In this election, the alliance in Uttar Pradesh between the Samajwadi Party (SP) and the Bahujan Samaj Party (BSP), referred to as the mahagathbandhan, was based on the premise that both parties will ensure the transfer of their votes to each other in their corresponding seats. They had tasted the success of this experiment in the Gorakhpur and Phulpur by-elections in early 2018 and a few months later in Kairana as well, when the Rashtriya Lok Dal (RLD) joined this alliance. However, the success didn’t last long. The vote transfer that worked in the by-elections did not fully materialise when it mattered most.
Voting by caste
An analysis of the voting choice of various castes and communities as captured by the post-poll survey helps us understand why the mahagathbandhan failed so spectacularly in the Lok Sabha election. First, Jats, who have historically voted for the RLD but have moved away from it since 2014, did not throw their weight behind the alliance in western U.P. Not only did they not vote for SP and BSP candidates, but most of them also did not vote for RLD candidates. According to the survey, 91% of Jats seem to have ended up backing the BJP.
Second, the consolidation of the SP’s core voters, the Yadavs, behind the mahagathbandhan was not as strong as it should have been. While three-fifths of them did vote for the mahagathbandhan, this is lower than what is was in the 2017 Assembly election, when over three-fourths of them voted for the Congress-SP alliance.
Third, the BSP was able to hold on to its core Jatav vote (over three-fourths of them voted for the mahagathbandhan), but it failed to ensure the backing of non-Jatav Dalits for the alliance, as nearly half of them (48%), like in 2017, voted for BJP candidates.
Fourth, even as three-fourths of the Muslim vote went to the mahagathbandhan, about 15% was also cornered by the Congress, particularly in seats contested by the SP. This may well be one of the reasons for the fairly large number of defeats of SP candidates compared to BSP candidates.
Fifth, the consolidation of the upper castes, the Kurmis and Koeris, and the lower Other Backward Classes (OBCs) behind the BJP was far stronger than the consolidation of Jatavs, Muslims and Yadavs. Over four-fifths of upper castes, fourth-fifths of Kurmis and Koeris, and three-fourths of lower OBCs voted for the BJP. Along with non-Jatav Dalits, the three constitute around half of U.P.’s population. On the other hand Jatavs, Muslims and Yadavs together add up to around 40% of the State’s population.
How castes and communities voted in the 2019 Lok Sabha election in Uttar Pradesh
Party voted for Lok Sabha 2019 (Uttar Pradesh)
|Congress (%)||BJP+ (%)||MGB (%)||Others (%)|
|Other Upper caste||5||84||10||1|
(Source: Lokniti-CSDS Post Poll Survey in Uttar Pradesh. Note: Figures may not add up to 100 due to rounding.)
Popularity of Narendra Modi
Caste aside, the survey also indicates that had it not been for the popularity of Narendra Modi, who was the prime ministerial preference of 47% of the respondents, the BJP may not have been able to win the number of seats that it did in the State. The survey found the BJP-led State government to be fast losing popularity. When respondents were asked to indicate their chief ministerial preference in the event of a snap Assembly election in the State, 28% took SP chief Akhilesh Yadav’s name and 27% took the name of Chief Minister Yogi Adityanath. The State government’s performance too wasn’t rated all that well — 83% of the respondents reported the stray cattle menace in their area to be a serious issue and over half of them blamed the State government for it. What’s more, a far greater proportion of respondents reported that they were dissatisfied with the performance of their sitting MLAs and MPs than satisfied. However, it seems that none of these State or local issues mattered in a national election. When it came to voting in the Lok Sabha election, most voters voted in Mr. Modi’s name. The survey found that about 25% of the BJP’s voters would not have voted for the BJP had Mr. Modi not been the prime ministerial candidate of the party. Put simply, this means that in the absence of Mr. Modi, the BJP may have got around 12% less votes than it actually did. What’s more, in response to another question about what would had mattered to them more while voting in the election — the party or the candidate — one-fourth of BJP voters in the State chose neither of the two options and instead spontaneously said Mr. Modi.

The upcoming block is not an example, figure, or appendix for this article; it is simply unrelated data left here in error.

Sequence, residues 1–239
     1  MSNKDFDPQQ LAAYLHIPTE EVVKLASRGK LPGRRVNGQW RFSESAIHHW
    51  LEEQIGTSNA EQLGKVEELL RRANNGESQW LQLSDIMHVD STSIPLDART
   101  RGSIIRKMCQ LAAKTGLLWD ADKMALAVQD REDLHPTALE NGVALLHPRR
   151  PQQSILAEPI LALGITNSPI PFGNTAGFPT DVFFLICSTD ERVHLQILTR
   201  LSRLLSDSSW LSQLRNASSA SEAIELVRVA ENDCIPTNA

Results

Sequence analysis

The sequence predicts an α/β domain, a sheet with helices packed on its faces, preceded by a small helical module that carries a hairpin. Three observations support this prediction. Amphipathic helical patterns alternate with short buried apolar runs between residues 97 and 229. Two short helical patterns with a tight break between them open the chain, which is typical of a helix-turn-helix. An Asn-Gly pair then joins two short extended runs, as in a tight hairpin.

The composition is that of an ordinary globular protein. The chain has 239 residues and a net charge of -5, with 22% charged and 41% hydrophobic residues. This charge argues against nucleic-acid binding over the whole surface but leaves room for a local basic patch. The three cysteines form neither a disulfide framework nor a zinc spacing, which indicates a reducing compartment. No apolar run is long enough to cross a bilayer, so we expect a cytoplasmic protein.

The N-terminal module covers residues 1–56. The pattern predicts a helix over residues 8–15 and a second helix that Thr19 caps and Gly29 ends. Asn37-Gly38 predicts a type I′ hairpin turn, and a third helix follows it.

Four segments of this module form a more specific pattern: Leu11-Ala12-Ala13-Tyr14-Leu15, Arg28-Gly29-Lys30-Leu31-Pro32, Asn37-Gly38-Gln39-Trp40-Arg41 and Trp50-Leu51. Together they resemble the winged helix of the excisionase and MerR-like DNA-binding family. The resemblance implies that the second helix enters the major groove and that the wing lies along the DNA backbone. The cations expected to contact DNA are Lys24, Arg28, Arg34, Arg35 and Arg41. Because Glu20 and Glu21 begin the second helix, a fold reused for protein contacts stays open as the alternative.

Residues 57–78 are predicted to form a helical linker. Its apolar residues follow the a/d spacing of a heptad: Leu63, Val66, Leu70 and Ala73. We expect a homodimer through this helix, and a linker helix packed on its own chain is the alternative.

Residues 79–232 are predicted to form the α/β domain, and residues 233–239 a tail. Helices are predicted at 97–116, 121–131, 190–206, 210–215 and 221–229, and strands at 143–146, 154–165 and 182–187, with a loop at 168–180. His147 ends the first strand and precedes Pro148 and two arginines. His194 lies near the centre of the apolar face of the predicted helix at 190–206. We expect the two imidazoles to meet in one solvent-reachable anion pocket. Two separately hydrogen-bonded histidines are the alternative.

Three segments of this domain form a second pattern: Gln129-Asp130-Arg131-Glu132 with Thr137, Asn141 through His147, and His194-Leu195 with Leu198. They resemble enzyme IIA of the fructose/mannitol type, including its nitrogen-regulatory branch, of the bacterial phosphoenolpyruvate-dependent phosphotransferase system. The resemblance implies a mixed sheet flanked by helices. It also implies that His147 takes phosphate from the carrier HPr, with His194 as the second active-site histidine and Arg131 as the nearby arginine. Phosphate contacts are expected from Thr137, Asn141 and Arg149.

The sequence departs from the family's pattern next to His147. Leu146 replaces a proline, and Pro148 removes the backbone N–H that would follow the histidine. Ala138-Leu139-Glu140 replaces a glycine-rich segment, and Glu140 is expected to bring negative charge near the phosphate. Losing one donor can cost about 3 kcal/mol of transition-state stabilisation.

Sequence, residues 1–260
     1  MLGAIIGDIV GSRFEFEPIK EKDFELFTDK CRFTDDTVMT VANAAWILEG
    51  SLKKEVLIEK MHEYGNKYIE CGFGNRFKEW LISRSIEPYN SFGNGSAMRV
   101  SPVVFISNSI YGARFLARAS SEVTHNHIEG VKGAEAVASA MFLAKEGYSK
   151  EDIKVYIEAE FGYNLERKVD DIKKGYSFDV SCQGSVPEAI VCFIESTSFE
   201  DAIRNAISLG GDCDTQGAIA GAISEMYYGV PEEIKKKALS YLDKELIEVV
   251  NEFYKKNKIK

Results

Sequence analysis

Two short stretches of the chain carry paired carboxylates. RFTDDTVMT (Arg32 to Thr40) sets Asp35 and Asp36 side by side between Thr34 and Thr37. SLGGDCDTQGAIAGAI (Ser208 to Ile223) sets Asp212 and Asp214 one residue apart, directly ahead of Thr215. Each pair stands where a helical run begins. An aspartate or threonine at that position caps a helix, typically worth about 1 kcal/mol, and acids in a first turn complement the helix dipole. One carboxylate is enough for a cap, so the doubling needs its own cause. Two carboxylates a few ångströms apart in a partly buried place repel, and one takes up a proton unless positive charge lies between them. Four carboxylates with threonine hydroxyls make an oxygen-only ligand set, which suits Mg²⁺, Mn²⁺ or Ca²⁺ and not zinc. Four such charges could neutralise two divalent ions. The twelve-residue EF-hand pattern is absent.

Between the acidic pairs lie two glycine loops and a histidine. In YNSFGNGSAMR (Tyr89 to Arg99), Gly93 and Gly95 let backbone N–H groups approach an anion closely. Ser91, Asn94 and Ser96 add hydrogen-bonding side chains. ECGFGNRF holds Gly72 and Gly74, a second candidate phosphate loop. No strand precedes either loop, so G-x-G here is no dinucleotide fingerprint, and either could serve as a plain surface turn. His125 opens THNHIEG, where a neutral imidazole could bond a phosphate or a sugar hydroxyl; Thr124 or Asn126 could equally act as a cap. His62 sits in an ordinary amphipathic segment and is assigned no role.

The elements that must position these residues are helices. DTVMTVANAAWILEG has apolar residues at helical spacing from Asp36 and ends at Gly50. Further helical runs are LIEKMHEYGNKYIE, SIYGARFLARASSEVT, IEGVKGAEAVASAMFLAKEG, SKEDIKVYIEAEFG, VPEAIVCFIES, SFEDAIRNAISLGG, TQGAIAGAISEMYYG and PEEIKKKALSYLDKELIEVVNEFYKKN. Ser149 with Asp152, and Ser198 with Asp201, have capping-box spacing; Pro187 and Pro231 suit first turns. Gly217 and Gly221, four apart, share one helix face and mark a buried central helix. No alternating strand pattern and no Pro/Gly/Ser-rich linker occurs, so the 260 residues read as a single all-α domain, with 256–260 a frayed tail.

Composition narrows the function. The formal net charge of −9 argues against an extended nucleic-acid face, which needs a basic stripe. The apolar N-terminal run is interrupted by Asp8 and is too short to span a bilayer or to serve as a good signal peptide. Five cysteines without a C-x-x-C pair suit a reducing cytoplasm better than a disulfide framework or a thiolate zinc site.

No alternative narrative
To conclude, the Congress and the mahagathbandhan could not give an alternative narrative to the electorate. They did make an effort to capitalise on unemployment, agrarian distress, demonetisation, GST, etc., but could neither convince the voters nor offer a credible alternative. Their campaign was merely negative, with calls to oust Mr. Modi who the survey found to be extremely popular.
Moreover, they were banking only on caste arithmetic. On the other hand, the BJP was successful in consolidating the majority community yet again through its own social engineering. This throws up new challenges for the SP and the BSP, which seem to have been outsmarted by the BJP at their own game. The two parties need to rework their understanding of caste equations.
( Mirza Asmer Beg is Professor of Political Science, Aligarh Muslim University, Aligarh; Shashikant Pandey is Professor of Political Science, Babasaheb Bhimrao Ambedkar University, Lucknow; and Sudhir Khare is Associate Professor (Retd.) DAV College, Azamgarh )